Of course, slower hikers (like us) run the risk of running into serious
snow in Colorado in September/October. It seems that early autumn snows
generally melt off pretty quickly, but there's no guarantee. Having snow
in the beginning of the trail means a difficult start (we were only doing
10-15 miles a day to start) but also water in some of the dry ridges of
northern Montana. Of course, the river crossings in the Bob were very
cold and fast and navigation was a real pain. But it was beautiful - and
there were no horses in the Bob Marshall (though there were plenty in the
Teton Wilderness to make up for it.) Having Glacier and the Bob to
ourselves was a real bonus.
I think is easier to do a straightforward one-direction hike without
walking around large sections of snowbound trail on a southbound hike.
We didn't have to miss any of the high country - not in Montana or in
Colorado. We did a flip-flop (starting at Butte and heading north before
turning around and heading south again in July) only because I was too
impatient to wait until July to start (it was a high snow year and spring
thaw was three weeks late). Also we wanted to take our time - do a six
month hike instead of a five month hike.
There is less time pressure heading south. November in New Mexico is not
a bad time to hike. It was cool and sunny. The springs and ponds had
water and since it was cool we didn't need as much. No snakes either.
Few thunderstorms - at least that was true last year. By the time we
reached Colorado, thunderstorm season was almost over. Elsewhere we had a
couple of storms, but nothing even remotely life threatening.
We saw few people in the high country by doing it mostly off season. In
Montana it was too early for other people to be out, in Colorado and New
Mexico it was too late. We went weeks without seeing other backpackers -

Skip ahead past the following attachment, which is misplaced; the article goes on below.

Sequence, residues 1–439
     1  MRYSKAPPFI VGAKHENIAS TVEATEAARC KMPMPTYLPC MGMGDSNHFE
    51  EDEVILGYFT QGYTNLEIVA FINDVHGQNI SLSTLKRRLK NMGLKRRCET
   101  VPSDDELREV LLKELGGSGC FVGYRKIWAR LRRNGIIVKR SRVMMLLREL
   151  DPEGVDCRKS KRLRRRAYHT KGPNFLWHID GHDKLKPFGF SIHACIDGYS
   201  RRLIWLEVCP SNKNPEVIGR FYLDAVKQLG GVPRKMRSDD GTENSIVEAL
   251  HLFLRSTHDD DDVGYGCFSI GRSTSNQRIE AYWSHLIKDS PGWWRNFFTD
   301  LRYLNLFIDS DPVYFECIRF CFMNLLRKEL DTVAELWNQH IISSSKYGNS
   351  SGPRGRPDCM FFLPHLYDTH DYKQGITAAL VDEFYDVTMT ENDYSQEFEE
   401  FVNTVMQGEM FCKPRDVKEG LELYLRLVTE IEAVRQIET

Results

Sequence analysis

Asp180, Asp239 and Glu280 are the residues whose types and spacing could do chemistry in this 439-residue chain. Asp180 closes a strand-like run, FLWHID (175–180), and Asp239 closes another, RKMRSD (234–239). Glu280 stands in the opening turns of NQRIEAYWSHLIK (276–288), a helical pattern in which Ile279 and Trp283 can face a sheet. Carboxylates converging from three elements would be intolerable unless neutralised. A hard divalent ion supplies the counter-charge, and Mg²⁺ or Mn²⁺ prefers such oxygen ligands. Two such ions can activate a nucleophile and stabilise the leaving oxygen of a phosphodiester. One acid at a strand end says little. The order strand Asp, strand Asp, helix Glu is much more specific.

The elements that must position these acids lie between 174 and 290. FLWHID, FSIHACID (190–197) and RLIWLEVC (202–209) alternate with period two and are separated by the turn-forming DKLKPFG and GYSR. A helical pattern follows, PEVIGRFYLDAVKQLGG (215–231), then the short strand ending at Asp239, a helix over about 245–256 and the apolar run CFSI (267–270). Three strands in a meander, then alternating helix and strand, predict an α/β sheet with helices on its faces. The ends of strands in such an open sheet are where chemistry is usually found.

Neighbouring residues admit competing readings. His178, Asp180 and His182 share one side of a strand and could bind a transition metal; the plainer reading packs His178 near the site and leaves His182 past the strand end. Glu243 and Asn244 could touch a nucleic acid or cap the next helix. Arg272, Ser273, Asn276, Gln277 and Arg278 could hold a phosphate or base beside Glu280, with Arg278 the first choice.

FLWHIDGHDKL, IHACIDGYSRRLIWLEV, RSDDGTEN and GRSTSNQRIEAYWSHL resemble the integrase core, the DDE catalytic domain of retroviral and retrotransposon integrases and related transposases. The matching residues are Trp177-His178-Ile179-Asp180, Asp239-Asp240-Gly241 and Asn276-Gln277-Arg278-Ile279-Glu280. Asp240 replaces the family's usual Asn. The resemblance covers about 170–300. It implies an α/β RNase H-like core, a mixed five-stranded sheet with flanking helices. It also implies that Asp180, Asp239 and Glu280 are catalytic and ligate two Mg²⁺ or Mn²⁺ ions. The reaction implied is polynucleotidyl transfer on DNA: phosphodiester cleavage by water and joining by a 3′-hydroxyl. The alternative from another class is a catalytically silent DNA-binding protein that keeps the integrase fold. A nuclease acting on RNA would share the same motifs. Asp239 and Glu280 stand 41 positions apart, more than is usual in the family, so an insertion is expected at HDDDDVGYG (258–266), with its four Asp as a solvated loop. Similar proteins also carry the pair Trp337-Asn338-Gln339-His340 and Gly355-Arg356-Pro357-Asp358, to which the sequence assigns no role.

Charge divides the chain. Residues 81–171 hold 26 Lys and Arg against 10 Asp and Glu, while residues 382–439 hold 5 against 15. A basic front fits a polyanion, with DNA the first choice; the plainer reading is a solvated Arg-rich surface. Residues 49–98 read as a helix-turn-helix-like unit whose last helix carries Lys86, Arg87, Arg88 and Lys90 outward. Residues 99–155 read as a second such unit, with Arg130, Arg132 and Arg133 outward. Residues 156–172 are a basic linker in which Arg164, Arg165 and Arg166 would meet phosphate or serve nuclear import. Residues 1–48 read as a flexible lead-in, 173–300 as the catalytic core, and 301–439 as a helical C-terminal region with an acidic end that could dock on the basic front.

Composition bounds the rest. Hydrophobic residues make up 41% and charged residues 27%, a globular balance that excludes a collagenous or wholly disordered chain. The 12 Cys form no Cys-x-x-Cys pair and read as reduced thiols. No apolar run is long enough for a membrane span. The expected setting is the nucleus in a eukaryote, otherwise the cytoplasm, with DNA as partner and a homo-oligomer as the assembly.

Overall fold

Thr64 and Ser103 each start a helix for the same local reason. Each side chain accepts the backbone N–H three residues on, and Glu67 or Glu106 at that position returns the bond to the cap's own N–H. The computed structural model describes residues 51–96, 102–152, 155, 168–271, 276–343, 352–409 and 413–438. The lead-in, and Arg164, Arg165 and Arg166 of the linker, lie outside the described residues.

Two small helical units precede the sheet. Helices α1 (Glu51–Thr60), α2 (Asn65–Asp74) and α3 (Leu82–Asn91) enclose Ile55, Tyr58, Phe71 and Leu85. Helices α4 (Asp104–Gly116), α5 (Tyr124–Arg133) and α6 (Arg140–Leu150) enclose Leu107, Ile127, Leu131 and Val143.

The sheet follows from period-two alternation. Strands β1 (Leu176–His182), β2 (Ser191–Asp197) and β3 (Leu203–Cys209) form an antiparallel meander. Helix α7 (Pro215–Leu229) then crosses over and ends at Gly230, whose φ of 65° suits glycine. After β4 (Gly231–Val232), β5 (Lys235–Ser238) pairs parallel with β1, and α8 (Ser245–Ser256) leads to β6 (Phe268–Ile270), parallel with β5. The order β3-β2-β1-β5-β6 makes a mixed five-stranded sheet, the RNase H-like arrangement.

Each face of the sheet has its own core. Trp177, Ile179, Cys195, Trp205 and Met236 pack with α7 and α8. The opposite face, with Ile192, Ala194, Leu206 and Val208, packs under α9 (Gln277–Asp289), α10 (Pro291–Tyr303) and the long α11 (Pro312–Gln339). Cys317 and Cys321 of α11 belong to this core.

only once ran into bikes (Monarch Pass on a beautiful October Saturday),
rarely saw jeeps in the backcountry (except on the gravel roads) and only
rarely even met dayhikers -- except of course for the National Parks and
the Winds and holiday weekends.
Did see lots of hunters in the fall. Hunting season lasts a long time -
from bow hunting in September to rifle season in October and November.
We liked the hunters we met, and know that some of the hunters gave water
to thirsty hikers in New Mexico. We rarely saw them when we were more
than five miles from the roads - also, if not for them, there would be
fewer late season services available to hikers. Creede was pretty much
closed except for one restaurant and a couple of places to stay. They
planned to close completely once hunting season was over.
Worst downside to the southbound hike is that the days are short in the
fall, especially late November. It was dark at 5:00 - and cold. A lot
of the trail was cold - in the snows in Montana, all through Colorado,
and again in NM at night. Summer was very short last year (but beautiful
when it happened! Loved the flowers in southern Montana!) On the other
hand, we did get to see the beauty of autumn in Colorado - loved those
As you can see, I'm a bit biased. What do you think?